Anatomy

Taking Gross Anatomy for the first time? Feel like you’re getting hit with a firehose? Here are some resources I found useful when embarking on the particular brand of insanity that is your first dissection-based course:

This will replace your pillow for the next few months.

This will replace your pillow for the next few months.

1. Practice Tests: Don’t worry. I failed these too. Doesn’t mean you’ll bomb the real thing!
http://umed.med.utah.edu/testfiles/topics.cfm?CID=3

2. BioDigital Human: A virtual 3D map of the human body, that allows you to add or subtract anatomical layers (e.g. muscles, arteries, veins, nerves), which is useful when trying to figure out where exactly the cephalic vein is.
Spoiler: It’s in the axilla, and you’re never going to find it anyway:  https://www.biodigitalhuman.com/home/

3. Netter’s Atlas: You can’t get better than Netter. The bee’s knees. Awesome illustrations. Don’t leave home without it. Or if you’re planning on leaving home without it, get the flashcards – they’re the portable version.

4. Grant’s Dissector: You’ll want a copy solely for the dissection lab. Trust me. If you want to study it at home, I would recommend searching for a pdf version online.

Crichton

What a charmer.

5. Cadaver – Michael Crichton: About to take Gross and worried about your first interactions with your cadaver? Don’t fear – the author of one of the greatest literary works of the 2oth Century(and, incidentally, the creator of ER) has got you covered. It’s in Travels, his 2002 collection of personal essays, which is worth a read even if you’re not taking Gross. If you’re not a med student, he also gives you an idea of what the med students you’ll be interacting with are going to be like AND teaches you a particularly memorable mnemonic for the branches of the facial nerve.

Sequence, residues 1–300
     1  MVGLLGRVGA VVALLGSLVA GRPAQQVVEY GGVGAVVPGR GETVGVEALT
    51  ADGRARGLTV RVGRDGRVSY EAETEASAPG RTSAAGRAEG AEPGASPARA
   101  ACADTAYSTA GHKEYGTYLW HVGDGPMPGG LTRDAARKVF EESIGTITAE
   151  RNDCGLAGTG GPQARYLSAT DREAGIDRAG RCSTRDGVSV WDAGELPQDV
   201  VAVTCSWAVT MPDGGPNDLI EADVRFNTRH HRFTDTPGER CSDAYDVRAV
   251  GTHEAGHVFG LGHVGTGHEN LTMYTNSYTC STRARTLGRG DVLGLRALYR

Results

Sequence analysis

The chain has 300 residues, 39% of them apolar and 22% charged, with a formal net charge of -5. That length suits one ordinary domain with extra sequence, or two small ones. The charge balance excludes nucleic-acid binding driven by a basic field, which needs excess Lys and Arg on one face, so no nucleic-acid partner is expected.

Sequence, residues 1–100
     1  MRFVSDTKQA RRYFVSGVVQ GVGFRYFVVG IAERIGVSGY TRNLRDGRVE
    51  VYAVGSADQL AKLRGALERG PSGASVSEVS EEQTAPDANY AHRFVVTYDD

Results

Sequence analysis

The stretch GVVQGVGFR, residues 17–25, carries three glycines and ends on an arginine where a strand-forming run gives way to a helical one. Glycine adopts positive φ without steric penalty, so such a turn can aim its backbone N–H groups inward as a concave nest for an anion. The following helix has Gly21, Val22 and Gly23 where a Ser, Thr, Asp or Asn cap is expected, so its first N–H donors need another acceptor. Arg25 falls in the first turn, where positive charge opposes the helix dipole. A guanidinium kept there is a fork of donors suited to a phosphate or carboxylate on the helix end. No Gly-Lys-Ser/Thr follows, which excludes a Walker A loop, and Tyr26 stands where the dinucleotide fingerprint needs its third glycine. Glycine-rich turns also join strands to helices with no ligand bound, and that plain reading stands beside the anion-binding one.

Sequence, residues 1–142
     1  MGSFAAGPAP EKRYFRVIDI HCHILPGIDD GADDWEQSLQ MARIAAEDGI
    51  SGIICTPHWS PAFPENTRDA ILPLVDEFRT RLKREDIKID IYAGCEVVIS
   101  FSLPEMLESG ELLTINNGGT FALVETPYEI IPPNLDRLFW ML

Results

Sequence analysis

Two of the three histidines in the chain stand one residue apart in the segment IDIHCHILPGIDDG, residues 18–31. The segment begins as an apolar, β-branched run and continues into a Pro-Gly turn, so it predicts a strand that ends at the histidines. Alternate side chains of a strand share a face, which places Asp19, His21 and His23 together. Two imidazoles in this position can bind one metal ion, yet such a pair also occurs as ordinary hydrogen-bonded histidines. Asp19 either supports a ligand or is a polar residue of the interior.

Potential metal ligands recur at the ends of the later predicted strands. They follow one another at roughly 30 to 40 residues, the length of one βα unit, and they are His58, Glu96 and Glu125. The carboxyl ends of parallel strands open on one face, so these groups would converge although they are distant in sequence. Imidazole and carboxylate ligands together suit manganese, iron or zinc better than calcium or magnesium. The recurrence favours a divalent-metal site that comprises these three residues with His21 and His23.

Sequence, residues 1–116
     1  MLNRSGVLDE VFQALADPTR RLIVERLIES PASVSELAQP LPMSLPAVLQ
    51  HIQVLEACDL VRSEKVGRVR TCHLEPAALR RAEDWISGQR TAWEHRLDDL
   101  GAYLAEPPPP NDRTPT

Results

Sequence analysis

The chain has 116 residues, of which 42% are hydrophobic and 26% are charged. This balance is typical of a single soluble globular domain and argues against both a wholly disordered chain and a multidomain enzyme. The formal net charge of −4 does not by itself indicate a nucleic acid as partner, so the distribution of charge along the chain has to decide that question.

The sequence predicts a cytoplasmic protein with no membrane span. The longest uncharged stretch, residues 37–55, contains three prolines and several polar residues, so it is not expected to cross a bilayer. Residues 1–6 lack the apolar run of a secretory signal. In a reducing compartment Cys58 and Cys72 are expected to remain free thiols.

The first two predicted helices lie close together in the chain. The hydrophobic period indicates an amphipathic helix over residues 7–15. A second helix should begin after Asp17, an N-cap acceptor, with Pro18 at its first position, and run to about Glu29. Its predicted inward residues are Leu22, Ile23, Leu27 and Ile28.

Original image found here.

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2 Responses to Anatomy

  1. This is a great list of resources! I see a few of my faves on here, too!

    Like

  2. JB says:

    Awesome! I have to say, of all of these I would most highly recommend the Netter flash cards – they have a Kindle version too, which is great if you’re travelling and don’t want to lug the atlas or the box of cards around.

    Like

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